Mariah and Moses

Sooner or later everyone listens to money.

It happened at the American Bar Association meeting in Nashville TN. I think the year was 2003 or 04. I was the guest of Ken Adabbo, Chairman of the Sports and Entertainment Division (and a fine attorney).I was the only non-lawyer in a room of over 500.

On the panel was a pride of major label executives, each whining about lost revenue.I posed a question to them, “I don’t get it. If you’re hard up for revenue why not sell advertising or product placement in your music videos and CD liner notes?”

At the time MTV still played videos and they purported a world-wide viewer-ship of over 90,000,000, all in the prime demographic: under 30, hip, and still interested in watching videos.CD sales were over 750 million annually and yet, the closest thing we had to my suggestion at that time was the Spears/Pepsi cross-over commercials.

One answered.If memory serves, it was LaVerne Evans, who was Senior VP Business Affairs for BMG at the time. I think the question caught her off-guard.Ms. Evans, a Harvard law grad and one of the keener lawyers I’ve met in the business, gave a sanitized answer that pacified the room, but afterward, face to face, she said, “We’d love to, but the artists won’t approve of it.”

“When did the artists’ feelings become part of the marketing equation,” I asked her?

They barely pick their single, their album covers, even their musical direction is bullied by the label.But when it comes to product placement, that’s where labels draw the line? My publishing company sells ads in the back of my books. They don’t ask my permission.I don’t even get a split of the revenue.

LaVerne thought I might have a point.We talked a bit about me consulting for BMG, but it never happened, officially.

BMG eventually sold everything related to their record division to Sony. Now, years later, Island Def Jam is finally thinking.Mariah Carrey’s new CD will carry ads in her liner notes, according to Billboard.

No one will read them of course, but that’s okay, this is just to set a precedent.Expect more of this sort of thing. A lot more.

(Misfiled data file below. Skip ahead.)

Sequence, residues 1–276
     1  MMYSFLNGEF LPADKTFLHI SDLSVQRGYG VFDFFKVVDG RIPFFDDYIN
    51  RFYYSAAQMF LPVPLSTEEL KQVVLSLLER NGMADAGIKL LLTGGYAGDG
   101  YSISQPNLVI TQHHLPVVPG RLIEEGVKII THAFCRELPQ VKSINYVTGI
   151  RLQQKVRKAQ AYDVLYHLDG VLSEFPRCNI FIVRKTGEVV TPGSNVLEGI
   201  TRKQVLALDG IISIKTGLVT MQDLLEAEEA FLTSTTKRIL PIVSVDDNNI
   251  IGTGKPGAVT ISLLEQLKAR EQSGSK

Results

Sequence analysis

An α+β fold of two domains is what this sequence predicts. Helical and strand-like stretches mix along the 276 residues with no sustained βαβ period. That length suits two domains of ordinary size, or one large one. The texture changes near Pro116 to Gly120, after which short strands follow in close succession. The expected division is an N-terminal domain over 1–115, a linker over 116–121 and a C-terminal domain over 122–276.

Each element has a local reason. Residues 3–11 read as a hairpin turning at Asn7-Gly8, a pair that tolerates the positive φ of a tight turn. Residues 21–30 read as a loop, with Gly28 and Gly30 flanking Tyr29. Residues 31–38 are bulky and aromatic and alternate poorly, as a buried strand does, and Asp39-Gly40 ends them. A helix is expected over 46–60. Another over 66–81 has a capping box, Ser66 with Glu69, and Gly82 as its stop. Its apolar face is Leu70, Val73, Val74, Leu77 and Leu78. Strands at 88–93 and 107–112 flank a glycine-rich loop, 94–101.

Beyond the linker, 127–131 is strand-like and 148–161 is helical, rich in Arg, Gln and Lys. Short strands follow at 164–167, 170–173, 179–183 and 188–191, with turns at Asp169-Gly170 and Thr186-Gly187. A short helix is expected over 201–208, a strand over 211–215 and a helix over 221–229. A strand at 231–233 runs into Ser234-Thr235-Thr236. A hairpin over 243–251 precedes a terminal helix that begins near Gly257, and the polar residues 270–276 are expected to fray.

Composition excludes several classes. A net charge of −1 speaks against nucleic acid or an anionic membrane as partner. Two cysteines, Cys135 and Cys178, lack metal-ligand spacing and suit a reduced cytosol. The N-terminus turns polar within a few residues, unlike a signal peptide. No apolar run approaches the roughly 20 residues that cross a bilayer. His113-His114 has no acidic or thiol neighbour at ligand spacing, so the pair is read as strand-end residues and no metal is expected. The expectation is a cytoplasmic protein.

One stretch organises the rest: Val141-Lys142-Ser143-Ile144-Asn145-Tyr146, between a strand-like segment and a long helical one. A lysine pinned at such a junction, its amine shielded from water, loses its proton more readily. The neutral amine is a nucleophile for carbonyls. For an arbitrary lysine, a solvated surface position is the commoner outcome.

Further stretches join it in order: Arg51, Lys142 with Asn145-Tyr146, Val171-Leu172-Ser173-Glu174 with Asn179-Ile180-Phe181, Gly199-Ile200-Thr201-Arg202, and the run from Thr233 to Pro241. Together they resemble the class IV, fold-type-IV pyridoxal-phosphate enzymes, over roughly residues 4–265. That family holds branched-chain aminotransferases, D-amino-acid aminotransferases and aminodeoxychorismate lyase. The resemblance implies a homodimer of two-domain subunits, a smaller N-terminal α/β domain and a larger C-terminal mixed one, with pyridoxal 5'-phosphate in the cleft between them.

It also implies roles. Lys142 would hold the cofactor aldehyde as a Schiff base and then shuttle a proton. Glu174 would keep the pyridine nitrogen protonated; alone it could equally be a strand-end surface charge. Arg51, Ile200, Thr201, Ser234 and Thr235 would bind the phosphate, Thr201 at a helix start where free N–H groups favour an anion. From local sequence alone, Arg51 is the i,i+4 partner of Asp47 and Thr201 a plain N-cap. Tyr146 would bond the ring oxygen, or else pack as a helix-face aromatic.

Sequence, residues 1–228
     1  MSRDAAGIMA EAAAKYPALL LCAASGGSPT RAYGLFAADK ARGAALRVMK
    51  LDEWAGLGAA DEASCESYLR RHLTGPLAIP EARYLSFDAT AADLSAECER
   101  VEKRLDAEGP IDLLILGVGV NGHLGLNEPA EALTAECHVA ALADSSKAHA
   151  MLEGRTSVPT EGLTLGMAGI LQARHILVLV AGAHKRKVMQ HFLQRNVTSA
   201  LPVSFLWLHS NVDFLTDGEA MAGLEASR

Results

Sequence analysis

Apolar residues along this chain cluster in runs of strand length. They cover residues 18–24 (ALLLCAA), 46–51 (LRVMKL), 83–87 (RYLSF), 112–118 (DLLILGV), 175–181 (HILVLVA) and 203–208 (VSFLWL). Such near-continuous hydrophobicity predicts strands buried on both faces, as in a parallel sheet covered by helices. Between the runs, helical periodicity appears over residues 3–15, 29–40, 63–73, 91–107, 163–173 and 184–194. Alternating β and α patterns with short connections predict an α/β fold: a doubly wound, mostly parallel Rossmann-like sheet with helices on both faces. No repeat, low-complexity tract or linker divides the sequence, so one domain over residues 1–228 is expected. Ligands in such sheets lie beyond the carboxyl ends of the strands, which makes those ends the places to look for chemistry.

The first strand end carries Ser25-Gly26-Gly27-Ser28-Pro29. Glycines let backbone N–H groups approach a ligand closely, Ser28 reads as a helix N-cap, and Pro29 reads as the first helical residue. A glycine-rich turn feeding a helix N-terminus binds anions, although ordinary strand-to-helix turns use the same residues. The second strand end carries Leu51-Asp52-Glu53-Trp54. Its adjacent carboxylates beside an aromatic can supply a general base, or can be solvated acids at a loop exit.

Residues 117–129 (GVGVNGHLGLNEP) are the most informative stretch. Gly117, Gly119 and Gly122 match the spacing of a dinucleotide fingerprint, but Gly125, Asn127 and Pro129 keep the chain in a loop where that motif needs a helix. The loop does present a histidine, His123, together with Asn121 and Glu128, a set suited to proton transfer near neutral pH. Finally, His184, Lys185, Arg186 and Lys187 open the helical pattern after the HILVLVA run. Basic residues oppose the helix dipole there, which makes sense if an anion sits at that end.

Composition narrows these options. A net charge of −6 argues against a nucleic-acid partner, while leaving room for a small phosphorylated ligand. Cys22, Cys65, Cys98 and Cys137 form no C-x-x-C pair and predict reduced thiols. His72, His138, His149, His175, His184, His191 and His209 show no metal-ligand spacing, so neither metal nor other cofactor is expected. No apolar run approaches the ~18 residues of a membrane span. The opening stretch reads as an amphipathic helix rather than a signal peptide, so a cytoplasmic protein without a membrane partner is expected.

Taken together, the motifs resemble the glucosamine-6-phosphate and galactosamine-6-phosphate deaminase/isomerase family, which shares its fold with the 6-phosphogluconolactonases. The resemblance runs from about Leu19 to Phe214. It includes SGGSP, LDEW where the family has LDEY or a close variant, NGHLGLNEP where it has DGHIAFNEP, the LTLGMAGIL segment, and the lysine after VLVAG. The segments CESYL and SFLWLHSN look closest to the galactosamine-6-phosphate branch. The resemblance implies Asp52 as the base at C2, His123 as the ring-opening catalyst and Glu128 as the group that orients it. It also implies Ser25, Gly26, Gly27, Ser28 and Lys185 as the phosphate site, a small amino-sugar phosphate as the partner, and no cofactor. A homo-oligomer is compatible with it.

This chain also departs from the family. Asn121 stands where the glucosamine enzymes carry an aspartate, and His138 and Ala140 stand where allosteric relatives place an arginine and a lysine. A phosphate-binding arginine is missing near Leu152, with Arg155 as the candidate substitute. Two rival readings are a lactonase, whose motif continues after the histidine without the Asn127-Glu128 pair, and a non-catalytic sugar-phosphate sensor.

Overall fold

Sooner or later everyone listens to Moses.

Oh, PS to Mr. Lefsetz: you asked a question in your recent rant, “I truly thought this was a joke.  Like something you read in the ‘Onion’.  Who comes up with this s–t?”

I came up with it.Roast me for wanting artists and labels to profit off the real-estate they worked hard to develop.

Not all of us have time for ski trips.

Mo out.

9 responses to “Mariah and Moses”

  1. Moses,

    For what it’s worth, Lefsetz pretty much is looking at the album covers and liner notes as part of the art, which many of us forever feel it always has been, thus seeing the record companies as stooping pretty low to put ads there. I can certainly see their eagerness to advertise, but the intrusiveness of that particular location can be seriously debated. It seems to me the ” big ” labels have serious perception problems. True or not, they are perceived as being customer unfriendly. True or not, they are perceived to be in a failing business. True or not, they are perceived as disliking and not trusting their customers, and they are given money by the customer in spite of themselves…..not a very healthy business model to say the least.

    I agree with you, that the music business is thriving. Yes, many traditional ways of counting the income have changed and are literally changing daily, but I think any business that generates billions of dollars is not failing. It can be grossly mismanged however, and probably is. Whether true or not, when companies are perceived as disliking their cutomers and artists, they better get moving on fixing the problem, even if it is only perception. ( suing your customers though is a tad more than perception.)

    Re attacking Lefsetz personally about his ski trips…I think you are a good enough writer, to win some of your arguments on merit, and it makes you look petty and babyish when you pick on him that way.


    Leigh Goldstein

    • Moses Avalon says:

      Nicely, put. But the ads are going in the booklets, not on the cover.

      Pick on Bob? Well, he does a pretty good job of picking on me. In his Letter he’s called me an “a-hole” a “f–ker” and “douchbag.” While it’s true that he’s called many industry executives the same thing, the diferance with me is that I’m not a ivory tower exec making $250K a year off the backs of musicians. I’m an artists’ right activist. Picking on me is a bit desperate. He has also infringed on my writing, which required a bit of legal action to correct, and lied about reviewing one of my articles to Craig Anderson of EQ, which almost got me fired from one of my regular column gigs. He shows me no professional courtesy. Despite all that, I recommend his newsletter to people. My dig, intended to be funny, not cruel, is mild in comparison and I would consider to be in-bounds, considering our polarized viewpoints. Besides, most people won’t get the joke. The ones that do, so far, think it’s pretty funny.